Last year, the film with the most substantial use of music was The Grand Budapest Hotel. This year, it will likey be a battle of the winning-est losers in music. John Williams may have 5 Oscars, but he has been nominated 50 times! Last years favorite, Jóhann Jóhannsson ended up losing to Grand Budapest, but he is back again for his score of Sicario. Who will lose again? The answer: Both! Ennio Morricone has been stealing the show doing what he does best, scoring Westerns. Tarantino, a director who cares more about the music in his films than most, tapped the 87-year-old Morricone to produce the first original score that has ever appeared in a Tarantino film. Consider this one a lock!
Prediction: The Hateful Eight
|8. Best Costume Design – Nominated films are:
This category favors the period piece, and well the case can be made that all of these films are period pieces, in a way. Therefore, the key to this category ultimately is not to get too caught up in the film itself but rather focus on the creativity, authenticity, and accuracy of the costuming. If this category is like ther other 23, then it will be a challenge for Sandy Powell to win since her nominations for Cinderella and Carol may cancel each other out. This paves the way for The Danish Girl to swoop in and score!
Prediction: The Danish Girl
|9. Best Production Design – Nominated films are:
The Oscar for Production Design goes to the art director who best accomplishes the appropriate mood for an audience’s experience through visuals, movement, and other varieties of art direction. Four of the nominated films above are also nominated for Best Picture, but rarely do winners for Production Design and Best Picture intersect (you’ve still got a chance, Danish Girl!). Nominations, however, do, and the stand-out film for this category is Mad Max: Fury Road. Love it or loath it, Mad Max is a spectacle of visual pizzazz and nearly all of it is done without special effects or CGI. If this film loses, it would be a crime against the work that goes into creating authentic sets and realistic effects.
Prediction: Mad Max: Fury Road
|10. Best Makeup and Hairstyling – Nominated Films are:
Mad Max: Fury Road
For three years in a row now, regardless of the quality of nominated films, only three films managed nominations for Best Makeup and Hairstyling. This category continues to circle the drain with three moderately weak choices for the “makeup” category. Last year, this went to a deserving fresh looking film in The Grand Budapest Hotel, but typically this award goes to wildly imaginative, over-the-top makeups and hair. This year, that will be the case…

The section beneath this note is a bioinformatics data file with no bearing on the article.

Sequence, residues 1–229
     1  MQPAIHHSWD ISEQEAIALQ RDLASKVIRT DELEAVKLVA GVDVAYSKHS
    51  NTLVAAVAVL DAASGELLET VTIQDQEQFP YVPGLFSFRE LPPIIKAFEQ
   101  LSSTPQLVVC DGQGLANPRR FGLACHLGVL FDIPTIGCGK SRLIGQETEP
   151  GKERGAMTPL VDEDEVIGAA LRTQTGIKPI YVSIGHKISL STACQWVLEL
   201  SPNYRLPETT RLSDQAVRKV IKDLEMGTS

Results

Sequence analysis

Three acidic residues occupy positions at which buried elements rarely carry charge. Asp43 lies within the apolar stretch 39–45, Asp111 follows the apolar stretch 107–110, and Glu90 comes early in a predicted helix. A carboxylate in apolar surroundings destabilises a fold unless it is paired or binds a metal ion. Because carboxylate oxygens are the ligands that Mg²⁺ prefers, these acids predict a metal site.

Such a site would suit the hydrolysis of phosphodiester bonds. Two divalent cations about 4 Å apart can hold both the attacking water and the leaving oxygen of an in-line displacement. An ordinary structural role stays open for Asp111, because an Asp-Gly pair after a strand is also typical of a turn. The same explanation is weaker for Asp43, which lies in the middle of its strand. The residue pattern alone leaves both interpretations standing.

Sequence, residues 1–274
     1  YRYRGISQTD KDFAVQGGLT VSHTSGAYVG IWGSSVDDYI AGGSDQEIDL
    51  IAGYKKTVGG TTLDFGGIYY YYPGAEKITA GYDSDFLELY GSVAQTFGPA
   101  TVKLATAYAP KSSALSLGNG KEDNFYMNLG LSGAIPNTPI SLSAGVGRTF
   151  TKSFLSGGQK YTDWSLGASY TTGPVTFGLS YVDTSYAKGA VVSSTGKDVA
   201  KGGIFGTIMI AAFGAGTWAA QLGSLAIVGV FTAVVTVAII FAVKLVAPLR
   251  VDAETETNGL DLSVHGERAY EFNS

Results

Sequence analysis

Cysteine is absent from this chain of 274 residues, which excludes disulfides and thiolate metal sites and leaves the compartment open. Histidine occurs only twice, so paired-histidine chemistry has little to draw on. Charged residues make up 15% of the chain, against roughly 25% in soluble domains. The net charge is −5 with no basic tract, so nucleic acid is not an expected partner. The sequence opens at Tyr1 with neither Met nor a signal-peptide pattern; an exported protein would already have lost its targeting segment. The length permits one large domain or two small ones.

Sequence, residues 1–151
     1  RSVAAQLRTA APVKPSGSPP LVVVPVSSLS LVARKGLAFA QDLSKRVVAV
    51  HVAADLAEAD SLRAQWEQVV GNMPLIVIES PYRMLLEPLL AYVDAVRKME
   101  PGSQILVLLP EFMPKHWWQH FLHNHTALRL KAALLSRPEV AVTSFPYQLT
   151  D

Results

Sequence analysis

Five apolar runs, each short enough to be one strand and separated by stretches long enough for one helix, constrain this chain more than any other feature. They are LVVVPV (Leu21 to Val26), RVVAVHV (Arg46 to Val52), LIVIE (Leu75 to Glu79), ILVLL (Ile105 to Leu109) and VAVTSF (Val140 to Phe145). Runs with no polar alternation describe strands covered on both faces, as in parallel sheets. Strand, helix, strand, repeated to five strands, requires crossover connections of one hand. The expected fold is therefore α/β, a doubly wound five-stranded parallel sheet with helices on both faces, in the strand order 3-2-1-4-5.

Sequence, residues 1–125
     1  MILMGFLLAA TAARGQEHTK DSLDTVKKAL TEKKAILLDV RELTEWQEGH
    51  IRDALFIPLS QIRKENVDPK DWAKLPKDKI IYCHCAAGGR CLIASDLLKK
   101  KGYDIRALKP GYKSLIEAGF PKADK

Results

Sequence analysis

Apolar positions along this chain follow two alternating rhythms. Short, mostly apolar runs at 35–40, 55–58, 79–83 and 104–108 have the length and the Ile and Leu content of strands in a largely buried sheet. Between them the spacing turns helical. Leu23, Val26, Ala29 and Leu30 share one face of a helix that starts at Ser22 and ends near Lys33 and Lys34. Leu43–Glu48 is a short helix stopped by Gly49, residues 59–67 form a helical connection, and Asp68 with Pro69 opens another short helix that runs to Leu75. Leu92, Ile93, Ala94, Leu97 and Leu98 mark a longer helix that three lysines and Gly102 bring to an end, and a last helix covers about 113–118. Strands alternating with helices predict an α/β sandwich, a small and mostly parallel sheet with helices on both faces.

Prediction: Mad Max: Fury Road
|11. Best Visual Effects – Nominated Films are:
Ok, now we get down to films that the average filmgoer can evaluate. The Visual Effects Oscar goes to a film that demonstrates greatness in the world of special effects. Mad Max will enjoy its Production Design Oscar and bow out of this one, leaving at least one technical award on the table. It’s no coincidence that four of these five films made over $100 million domestically this year (one, just about to cross the $1 billion mark). Three of my top ten films of 2015 are here, so clearly visual effects truly influence my appreciation of cinematic greatness. This is where a certain galaxy far, far away will get its due.
Prediction: Star Wars: The Force Awakens
Part III: Oscar Predictions: Part III – Don’t Shoot Me, I’m the Cinematographer!
Part three of The People’s Critic’s Oscar predictions begins the major film awards. These predictions will be for seven very different categories: Documentary Feature, Animated Film, Foreign Language Film, Original Screenplay, Adapted Screenplay, Film Editing, and everybody’s favorite – Cinematography (Soon to be renamed, the “Emmanuel Lubezki Award” – Cinematography dorks will get that one).
|12. Best Documentary Feature – Nominated films are:
Many documentaries are made yearly since they are easy to produce and cheap to make. The key is content, pacing, accuracy, and perspective. Unfortunately, I was not able to see most of these films yet, so I’m going on instinct here. Last year’s winner CitizenFour, made this pick super easy, but this year it’s a tough call. Occassionally, box office can be an indication here. If a documentary film catches on with the public and makes a splash, it can sometimes catapult to an Oscar win. This happened with 2012’s Searching for Sugarman, and I see it happening again this year for the Amy Winehouse doc, Amy.
|13. Best Animated Feature Film – Nominated Films are:
Wow did this category grow up! The winner for this category is the surest bet of the year, but let’s take a second to take a look at this list! A Charlie Kaufman drama, a beautiful Japanese coming of age story, a basically wordless story of about a boy searching for his father, the most emotionally evolved Pixar movie ever…and a British, clay sheep movie. The Best Animated Feature Film Oscar enters its 15th year as a category in the modern Academy Awards, and clearly it wants to grow up a little. The score is Disney 9, Dreamworks 3…Rango and Japan 2. Disney gets its 10th win, but this category just got very interesting.
Prediction: Inside Out
|14. Best Foreign Language Film – Nominated films are:
Embrace of the Serpent (Columbia)
Well you heard it at the Golden Globes; the story this year is Son of Saul. The Holocaust drama is only Hungary’s 9th film ever nominated for this award and its first since 1988. It is also the first Hungarian film to win a Golden Globe. I don’t see a situation where that momentum doesn’t take it to the Oscar.
Prediction: Son of Saul
|15. Best Original Screenplay – Nominated films are:
Bridge of Spies– Matt Charman and Ethan Coen & Joel Coen